China's trade surplus more than doubled to $31.0 billion in September, official data showed Monday, as exports jumped while imports increased at a slower rate.
Exports from the world's second-biggest economy rose 15.3 percent year-on-year to $213.7 billion, the General Administration of Customs announced, while imports climbed 7.0 percent to $182.7 billion.
The surplus was lower than August's record $49.8 billion, and also came in below expectations of $42 billion in a poll of 15 economists by Dow Jones Newswires.
But the rise in exports accelerated from August's 9.4 percent and was ahead of the median forecast of 12.5 percent.
The survey had predicted a fall of 2.4 percent in imports, matching a surprise decline in August.
Customs spokesman Zheng Yuesheng attributed the improvement to major economies recovering and external demand strengthening.
"The good momentum is expected to continue in the fourth quarter," he added.
The positive figures are the latest contradictory indicator for China's economy, a key driver of global growth.
Recent reports have suggested expansion in China -- which stood at 7.7 percent last year, maintaining its slowest in more than a decade -- is weakening even after authorities took limited stimulatory measures.
Industrial production growth slowed sharply in August to its lowest level for more than five years, official data said last month, while house prices have fallen for five consecutive months.
Officials are targeting economic growth of "about 7.5 percent" this year, the same as last year's objective.
The goal is normally exceeded, but senior officials have repeatedly sought to play down its significance this year.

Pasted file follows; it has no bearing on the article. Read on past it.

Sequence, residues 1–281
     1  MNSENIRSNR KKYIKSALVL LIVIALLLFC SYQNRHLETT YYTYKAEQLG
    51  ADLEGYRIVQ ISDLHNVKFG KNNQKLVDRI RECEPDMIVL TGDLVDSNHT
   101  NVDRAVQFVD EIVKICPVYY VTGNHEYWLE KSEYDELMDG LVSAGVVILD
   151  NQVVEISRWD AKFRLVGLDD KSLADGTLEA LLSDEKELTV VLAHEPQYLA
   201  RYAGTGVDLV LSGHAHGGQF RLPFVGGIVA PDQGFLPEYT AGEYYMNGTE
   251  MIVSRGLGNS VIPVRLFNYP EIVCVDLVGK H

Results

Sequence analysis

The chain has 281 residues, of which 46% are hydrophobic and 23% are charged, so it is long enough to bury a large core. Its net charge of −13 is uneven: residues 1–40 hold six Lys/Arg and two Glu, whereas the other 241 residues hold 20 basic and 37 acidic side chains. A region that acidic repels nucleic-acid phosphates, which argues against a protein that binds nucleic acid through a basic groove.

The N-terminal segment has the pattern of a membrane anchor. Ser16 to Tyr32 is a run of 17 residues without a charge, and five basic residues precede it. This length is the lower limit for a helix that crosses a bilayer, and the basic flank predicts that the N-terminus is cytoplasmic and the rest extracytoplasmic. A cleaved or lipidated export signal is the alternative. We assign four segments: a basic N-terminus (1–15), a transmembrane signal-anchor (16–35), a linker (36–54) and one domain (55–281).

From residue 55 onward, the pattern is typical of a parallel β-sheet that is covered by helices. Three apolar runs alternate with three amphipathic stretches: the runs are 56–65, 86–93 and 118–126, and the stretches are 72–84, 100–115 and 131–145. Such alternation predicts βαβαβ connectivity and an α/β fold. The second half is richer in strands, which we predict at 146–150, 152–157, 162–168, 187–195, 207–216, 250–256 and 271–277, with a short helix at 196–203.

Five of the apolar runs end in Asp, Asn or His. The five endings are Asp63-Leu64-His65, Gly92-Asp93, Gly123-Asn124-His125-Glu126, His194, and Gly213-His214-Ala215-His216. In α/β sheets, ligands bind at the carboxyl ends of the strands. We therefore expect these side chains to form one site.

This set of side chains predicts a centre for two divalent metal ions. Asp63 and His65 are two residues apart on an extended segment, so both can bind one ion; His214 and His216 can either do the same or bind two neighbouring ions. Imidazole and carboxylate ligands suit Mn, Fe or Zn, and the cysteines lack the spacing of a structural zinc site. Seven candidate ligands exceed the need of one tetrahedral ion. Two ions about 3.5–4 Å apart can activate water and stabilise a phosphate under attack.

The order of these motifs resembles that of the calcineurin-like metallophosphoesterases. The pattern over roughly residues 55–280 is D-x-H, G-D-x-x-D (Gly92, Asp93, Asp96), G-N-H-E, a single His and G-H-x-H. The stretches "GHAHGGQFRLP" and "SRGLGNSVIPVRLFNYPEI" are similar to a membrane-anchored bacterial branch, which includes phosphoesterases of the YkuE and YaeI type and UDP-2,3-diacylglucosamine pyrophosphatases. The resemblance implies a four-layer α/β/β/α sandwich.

Last week the World Bank cut its forecast for Chinese growth to 7.4 percent for 2014 and 7.2 percent for 2015, while the International Monetary Fund left its predictions unchanged at 7.4 percent and 7.1 percent but warned of "near-term growth risks", especially in real estate.
Ma Xiaoping, a Beijing based economist with HSBC, told AFP: "The momentum of the mild recovery in external demand continued from previous months." However, Ma added: "The property sector remains the biggest risk area in terms of internal demand."
In the third quarter, exports rose 12.8 percent year-on-year while imports crept up 0.9 percent, Customs said without giving totals.
For the first three quarters, China recorded a total trade surplus of $231.6 billion, the statement said, up 37.8 percent year-on-year.
Exports climbed 5.1 percent over the nine-month period to $1.7 trillion, while imports rose 1.3 percent to $1.46 trillion.
Trade with the European Union was up 10.2 percent at 2.81 trillion yuan ($460 billion), 14.5 percent of the total, and up 5.2 percent with the US to 2.48 trillion yuan, 12.8 percent of the total.
But bilateral trade with Hong Kong fell 13 percent year-on-year to 1.61 trillion yuan.
With Japan it crept up 0.4 percent to 1.43 trillion yuan.